The lighter side of Rahul Dravid was evident on Thursday when he told the media on the eve of the Indian Premier League (IPL), “Somebody told me that the Bangalore team is a veteran team with young cheerleaders.”
The cheerleading squad of the Washington Redskins American football team will root for Bangalore in their opening match.
“I will tell my boys to stay focussed on the cricket ball and not be distracted by the cheerleaders,” Dravid said with a smile.
On to the serious side of Friday’s match and the concept, Dravid said that he would have an open mind as far as T20 is concerned.
“I played in a very good era of Test cricket. To be part of something new like this at its inception, I am not going to be dismissive about it. I will embrace the different cultures and the idea of having players from different countries in a team. It will be very good for the game of cricket.”
Dravid said that the IPL was not entirely entertainment off the field. ”T20 is so fast and entertaining that you don’t need any other entertainment. Our focus will be on cricket. All are looking forward to winning. Obviously there is a lot of entertainment and hype which you can’t help. If the quality of cricket is good, people will come back.”
The 35-year-old Bangalorean said that a captain has to be constantly thinking in a T20.
“It is a fast paced game. You bowl your overs quickly, you have to think on your feet, things change within an over or a couple of overs. You have to be reactive.”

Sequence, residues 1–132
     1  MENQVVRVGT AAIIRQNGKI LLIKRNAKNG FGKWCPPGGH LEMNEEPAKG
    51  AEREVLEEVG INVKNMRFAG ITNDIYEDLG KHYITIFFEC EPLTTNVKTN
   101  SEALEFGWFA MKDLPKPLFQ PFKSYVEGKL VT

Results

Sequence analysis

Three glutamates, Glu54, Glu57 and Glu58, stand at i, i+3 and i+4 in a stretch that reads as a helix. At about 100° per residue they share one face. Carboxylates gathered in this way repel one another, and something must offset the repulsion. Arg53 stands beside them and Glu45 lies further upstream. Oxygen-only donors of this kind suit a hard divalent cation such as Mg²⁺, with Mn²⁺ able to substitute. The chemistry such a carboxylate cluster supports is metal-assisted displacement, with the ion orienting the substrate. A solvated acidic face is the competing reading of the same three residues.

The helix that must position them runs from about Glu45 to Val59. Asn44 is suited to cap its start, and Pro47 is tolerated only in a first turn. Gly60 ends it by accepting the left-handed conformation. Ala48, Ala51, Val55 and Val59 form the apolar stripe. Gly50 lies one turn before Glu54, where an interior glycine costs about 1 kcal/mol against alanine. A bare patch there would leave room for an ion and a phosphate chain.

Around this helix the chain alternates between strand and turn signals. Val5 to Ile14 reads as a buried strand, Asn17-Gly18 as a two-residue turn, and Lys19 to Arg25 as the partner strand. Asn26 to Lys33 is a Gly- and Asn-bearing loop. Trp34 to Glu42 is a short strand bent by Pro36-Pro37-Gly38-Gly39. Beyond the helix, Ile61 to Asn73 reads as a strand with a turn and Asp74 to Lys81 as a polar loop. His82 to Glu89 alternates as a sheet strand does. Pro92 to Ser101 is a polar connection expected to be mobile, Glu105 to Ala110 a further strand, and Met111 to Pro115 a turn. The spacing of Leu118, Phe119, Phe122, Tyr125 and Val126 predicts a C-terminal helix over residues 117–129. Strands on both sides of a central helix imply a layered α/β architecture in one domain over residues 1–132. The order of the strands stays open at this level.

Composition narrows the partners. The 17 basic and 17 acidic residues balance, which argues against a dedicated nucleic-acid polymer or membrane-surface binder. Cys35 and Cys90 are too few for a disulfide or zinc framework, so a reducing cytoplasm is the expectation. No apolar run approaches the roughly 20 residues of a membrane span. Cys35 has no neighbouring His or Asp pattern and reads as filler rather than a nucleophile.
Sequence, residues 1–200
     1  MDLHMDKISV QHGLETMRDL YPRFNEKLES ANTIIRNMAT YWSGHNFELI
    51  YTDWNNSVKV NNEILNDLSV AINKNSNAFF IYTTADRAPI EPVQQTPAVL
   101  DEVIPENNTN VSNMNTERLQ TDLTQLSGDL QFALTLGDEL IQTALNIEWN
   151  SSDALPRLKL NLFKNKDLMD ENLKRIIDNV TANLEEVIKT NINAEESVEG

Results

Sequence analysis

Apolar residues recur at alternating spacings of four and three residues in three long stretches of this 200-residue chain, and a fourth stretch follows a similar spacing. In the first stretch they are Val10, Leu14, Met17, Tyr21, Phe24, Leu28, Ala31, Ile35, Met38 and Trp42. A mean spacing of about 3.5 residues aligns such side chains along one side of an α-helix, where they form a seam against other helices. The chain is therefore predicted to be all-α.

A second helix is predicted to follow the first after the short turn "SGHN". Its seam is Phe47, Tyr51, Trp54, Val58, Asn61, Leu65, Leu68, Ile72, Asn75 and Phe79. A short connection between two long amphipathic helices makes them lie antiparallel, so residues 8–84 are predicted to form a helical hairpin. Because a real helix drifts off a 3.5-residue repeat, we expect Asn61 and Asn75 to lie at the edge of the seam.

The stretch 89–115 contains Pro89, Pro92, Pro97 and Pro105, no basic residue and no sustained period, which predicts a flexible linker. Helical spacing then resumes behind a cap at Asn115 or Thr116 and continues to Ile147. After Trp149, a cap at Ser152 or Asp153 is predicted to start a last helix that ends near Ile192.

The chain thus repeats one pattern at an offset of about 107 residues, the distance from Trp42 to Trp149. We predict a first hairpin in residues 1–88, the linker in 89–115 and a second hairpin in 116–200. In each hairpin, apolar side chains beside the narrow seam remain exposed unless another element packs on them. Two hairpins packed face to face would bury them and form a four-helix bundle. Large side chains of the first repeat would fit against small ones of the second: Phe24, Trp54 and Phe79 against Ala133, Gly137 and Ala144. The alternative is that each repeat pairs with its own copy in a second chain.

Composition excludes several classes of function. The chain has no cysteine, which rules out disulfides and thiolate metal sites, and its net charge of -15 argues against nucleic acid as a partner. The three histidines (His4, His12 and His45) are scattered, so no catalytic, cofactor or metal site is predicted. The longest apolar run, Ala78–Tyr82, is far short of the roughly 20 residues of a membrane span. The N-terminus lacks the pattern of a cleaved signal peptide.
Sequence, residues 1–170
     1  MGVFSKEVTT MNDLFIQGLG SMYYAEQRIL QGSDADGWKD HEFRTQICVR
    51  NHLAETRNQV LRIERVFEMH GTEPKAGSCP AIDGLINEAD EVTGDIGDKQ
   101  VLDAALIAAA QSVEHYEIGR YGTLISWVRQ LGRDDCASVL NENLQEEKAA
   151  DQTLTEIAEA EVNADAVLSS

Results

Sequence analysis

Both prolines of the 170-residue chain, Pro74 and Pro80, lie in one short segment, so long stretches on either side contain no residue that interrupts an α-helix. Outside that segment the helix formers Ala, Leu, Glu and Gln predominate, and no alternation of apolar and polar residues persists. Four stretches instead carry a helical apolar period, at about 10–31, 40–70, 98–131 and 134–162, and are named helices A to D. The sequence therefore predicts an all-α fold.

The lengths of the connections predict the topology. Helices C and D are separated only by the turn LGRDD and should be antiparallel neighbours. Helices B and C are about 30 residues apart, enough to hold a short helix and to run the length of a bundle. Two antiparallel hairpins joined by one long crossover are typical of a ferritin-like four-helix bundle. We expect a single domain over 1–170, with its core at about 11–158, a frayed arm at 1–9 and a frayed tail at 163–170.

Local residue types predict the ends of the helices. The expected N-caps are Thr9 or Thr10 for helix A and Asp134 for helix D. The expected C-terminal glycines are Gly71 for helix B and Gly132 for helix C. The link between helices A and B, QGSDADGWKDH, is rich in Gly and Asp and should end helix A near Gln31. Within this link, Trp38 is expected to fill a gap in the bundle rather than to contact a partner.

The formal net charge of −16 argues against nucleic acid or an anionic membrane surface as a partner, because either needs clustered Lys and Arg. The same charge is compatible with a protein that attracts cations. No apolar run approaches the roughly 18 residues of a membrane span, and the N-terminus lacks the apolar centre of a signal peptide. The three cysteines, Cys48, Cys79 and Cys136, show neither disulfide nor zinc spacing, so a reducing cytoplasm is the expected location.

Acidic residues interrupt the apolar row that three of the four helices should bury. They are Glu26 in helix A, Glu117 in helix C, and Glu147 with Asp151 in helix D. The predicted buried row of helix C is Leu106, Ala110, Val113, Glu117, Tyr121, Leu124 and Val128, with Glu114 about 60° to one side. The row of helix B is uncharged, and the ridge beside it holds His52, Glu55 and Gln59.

Can’t take it easy: Ganguly
“When I play cricket, I don’t think money is everything. When you play Tests, you turn up for India. When you play in IPL, you play for Kolkata.” This was Sourav Ganguly, the Kolkata team captain’s response to a query if money in the IPL would prompt Test players to call it quits early.
Ganguly and his team arrived in Bangalore on Thursday morning for the inaugural IPL match against Bangalore. He said that everyone played to win and that passion was never a question. “There are big names, their reputations are at stake and plenty of money is involved. The games will be serious. The effort to win will be as much as in a Test or an ODI.”
The 35-year-old said that Test cricket would be the most important thing for him personally. “Tests have always been, and will always be, the most important thing for a cricketer. I am sure it will be the same for most others and that is how a player should be judged. At the same time, T20 and ODIs are important for the game.
“I asked Jacques Kallis during the Kanpur Test for how long he would continue playing. He said he still wanted to play Tests, and one-dayers and T20 as long as his body allowed. I still see players wanting to play Test cricket.
“You judge a player on his attitude and not arrive at a conclusion on his T20 performance. For example, I will judge Ishant Sharma on how he does in a 10-year period. How he handles himself in 10 years is important. If a captain wants him to bowl at 140 kph after tea in a Test, you see his attitude. Whoever manages himself well for a long period will be a good cricketer.”